The crisis brought about challenges to the fiscal and the monetary policy. The biggest reason is that the public and all other parties became over sensitive and could do everything to avert the possible of the repeat crisis such as the resent one. The initial actions that were taken to counter the bank crisis involved the review of the government expenditure, the taxation as well as the interest rate to counter the crisis. This was done in order to assist the economy to coup with the effects of the economic crises. The government expenditure was scaled down to what it could afford comfortably. The government also affected tax cuts to encourage spending the increase of the consumers’ purchasing power. The interests rates were also reviewed to enable consumers to repay their mortgages and reduce the effects of the banks crises.
Americans and other people think that the framework especially on the monetary policy that has been adopted cannot be able to control harsh financial crises. There are areas in which recent regulatory tools have shown weaknesses. One of the most notable limitations of this framework the inefficiencies experienced in graduating as well as applying micro-prudent policies in the capital requirements. Analysts argue that the framework has not been able to respond to the extent of the pressure that the balance sheets of the various lending institutions such as banks can endure.
The framework is also limited in terms of the choice of prudential regulation that can be achieved when calibrated. In addition, an aggregate advantage and sometimes the mismatch of maturity has been building up and are sometimes ignored. This has made the various regulatory requirements that have been set to be unsuccessful in some situations.
Banks have been driven through taxation as well as interest rates to all buy or sell at the same time. This creates homogeneity that is disastrous to the industry, which was designed to be heterogeneous. A heterogeneous system has an inherent ability to be resistant to various adverse factors in the industry. On the other hand, homogeneous systems have had many instances in which have lead to development of endogenous factors that have served to make it fragile.
Economic crises had terribly far reaching effects to the productivity of the whole economy. Indicators such as the GDP and the GNP demonstrate this exceptionally well. Banks experience large fiscal costs. Some countries experienced fiscal costs of up to 75% of the GDP. The output in the economy is experiences large losses and this affects adversely the operations of the banks to a point of warranting government intervention. The above reason caused the regulator to tighten all the system to avoiding any movement of the economy toward that direction.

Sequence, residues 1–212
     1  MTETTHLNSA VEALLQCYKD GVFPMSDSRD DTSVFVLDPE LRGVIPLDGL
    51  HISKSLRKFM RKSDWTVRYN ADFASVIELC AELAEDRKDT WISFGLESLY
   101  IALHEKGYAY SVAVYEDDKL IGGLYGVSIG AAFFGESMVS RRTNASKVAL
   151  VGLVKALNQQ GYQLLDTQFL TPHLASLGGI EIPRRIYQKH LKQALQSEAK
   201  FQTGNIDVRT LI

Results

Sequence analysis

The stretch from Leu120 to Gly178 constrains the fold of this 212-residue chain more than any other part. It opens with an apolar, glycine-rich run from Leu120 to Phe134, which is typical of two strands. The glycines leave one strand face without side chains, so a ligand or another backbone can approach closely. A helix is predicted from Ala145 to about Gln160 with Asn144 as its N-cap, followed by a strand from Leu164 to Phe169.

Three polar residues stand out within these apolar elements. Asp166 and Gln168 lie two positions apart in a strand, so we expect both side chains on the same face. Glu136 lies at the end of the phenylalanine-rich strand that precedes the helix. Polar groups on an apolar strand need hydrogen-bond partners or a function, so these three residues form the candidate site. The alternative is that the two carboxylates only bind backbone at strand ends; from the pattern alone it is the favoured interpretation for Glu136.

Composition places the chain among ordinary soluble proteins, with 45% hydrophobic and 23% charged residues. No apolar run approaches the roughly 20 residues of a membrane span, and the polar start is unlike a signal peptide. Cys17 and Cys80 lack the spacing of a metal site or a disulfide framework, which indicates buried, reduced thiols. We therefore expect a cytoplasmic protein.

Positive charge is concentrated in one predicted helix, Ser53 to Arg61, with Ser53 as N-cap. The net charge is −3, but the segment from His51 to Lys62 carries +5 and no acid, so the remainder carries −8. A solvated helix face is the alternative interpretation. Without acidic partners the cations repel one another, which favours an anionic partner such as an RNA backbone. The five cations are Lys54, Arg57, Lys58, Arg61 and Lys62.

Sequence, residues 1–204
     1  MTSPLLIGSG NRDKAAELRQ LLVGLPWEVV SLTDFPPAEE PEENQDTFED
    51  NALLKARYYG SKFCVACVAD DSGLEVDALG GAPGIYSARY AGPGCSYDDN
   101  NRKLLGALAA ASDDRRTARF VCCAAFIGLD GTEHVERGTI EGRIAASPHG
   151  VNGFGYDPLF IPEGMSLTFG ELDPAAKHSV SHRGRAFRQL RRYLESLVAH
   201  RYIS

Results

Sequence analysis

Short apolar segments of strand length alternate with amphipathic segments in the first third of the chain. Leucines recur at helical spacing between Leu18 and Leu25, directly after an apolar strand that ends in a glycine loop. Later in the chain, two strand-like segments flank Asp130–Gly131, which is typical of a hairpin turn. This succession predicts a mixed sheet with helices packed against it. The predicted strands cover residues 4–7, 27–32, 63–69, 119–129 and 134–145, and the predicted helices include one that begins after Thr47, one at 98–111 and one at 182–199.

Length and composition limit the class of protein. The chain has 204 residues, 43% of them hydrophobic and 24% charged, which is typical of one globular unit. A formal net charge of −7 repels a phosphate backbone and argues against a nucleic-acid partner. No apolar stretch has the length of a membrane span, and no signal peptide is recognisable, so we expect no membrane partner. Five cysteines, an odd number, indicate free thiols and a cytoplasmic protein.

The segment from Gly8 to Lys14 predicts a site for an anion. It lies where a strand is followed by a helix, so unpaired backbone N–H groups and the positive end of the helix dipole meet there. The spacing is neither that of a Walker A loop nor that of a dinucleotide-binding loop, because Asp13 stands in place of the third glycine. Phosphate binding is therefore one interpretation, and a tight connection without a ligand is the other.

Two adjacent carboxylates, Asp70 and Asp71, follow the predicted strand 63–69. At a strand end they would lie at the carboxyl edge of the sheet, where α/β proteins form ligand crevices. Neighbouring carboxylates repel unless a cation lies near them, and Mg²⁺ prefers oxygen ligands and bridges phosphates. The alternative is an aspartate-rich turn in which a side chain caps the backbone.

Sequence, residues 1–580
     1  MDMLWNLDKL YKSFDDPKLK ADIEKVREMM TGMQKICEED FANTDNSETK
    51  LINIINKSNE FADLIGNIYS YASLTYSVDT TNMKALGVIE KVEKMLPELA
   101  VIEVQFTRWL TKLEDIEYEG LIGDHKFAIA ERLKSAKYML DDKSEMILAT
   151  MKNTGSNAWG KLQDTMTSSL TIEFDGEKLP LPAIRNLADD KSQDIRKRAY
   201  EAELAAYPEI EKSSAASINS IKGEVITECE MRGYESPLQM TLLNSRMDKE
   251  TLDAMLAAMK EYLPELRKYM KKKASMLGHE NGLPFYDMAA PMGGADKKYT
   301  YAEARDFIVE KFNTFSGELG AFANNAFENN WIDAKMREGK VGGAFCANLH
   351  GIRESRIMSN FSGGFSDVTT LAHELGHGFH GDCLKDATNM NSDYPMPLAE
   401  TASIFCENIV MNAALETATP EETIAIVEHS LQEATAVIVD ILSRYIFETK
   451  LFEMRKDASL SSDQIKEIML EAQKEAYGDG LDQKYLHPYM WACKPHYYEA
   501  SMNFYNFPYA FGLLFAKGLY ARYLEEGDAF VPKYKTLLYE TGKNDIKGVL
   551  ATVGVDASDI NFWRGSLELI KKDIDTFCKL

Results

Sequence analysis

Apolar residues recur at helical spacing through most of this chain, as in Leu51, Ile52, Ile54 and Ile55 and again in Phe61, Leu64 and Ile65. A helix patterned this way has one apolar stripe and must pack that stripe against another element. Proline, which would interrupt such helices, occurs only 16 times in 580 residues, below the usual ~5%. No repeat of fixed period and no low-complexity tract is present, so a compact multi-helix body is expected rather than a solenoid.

There is stiff regulation through the fiscal policy to ensure that there is no monopolistic power in the industry. It is detrimental to prevent the occurrence of monopoly because of the economic importance it has. Monopoly should be sometimes encouraged; when achieved through innovation monopoly helps to come up with better products than the existing ones. Furthermore, the returns obtained through monopolistic power are useful as the monopoly gets enough fund ventures that are expensive, such include such as research; subsequently this leads to development of better products for consumers and all the other parties. Strict regulation can lock out this possibility especially when the regulator is overreacting to the previous experience.
One of the central pillars of the government regulation is the capital regulation. In the run up to 2007 crises, some banks had only around 2% of the balance sheet being composed of the banks’ asset. With limited liability, as well as investment of extremely little of their own money, this encourages extraordinarily reckless risk taking with no cushion against unexpected losses. The fiscal policy is directed to reduce this and attain well-calculated risk taking to avert any possible bank crisis in the future.
In conclusion, the government took various measures as the regulator of the banking industry. The action of the government occurred through the fiscal policy, which included taxation, government spending and the regulation of the interest rates by the central bank. The government took the above steps in order to reverse the effects of the banking crises, which had occurred through uncontrolled lending by the banks leading to increase of the members of the public defaulting. However, this government intervention has had some undesirable effects to the whole industry as it was discussed earlier. This is because it has come along with some undesirable effects that had not been projected.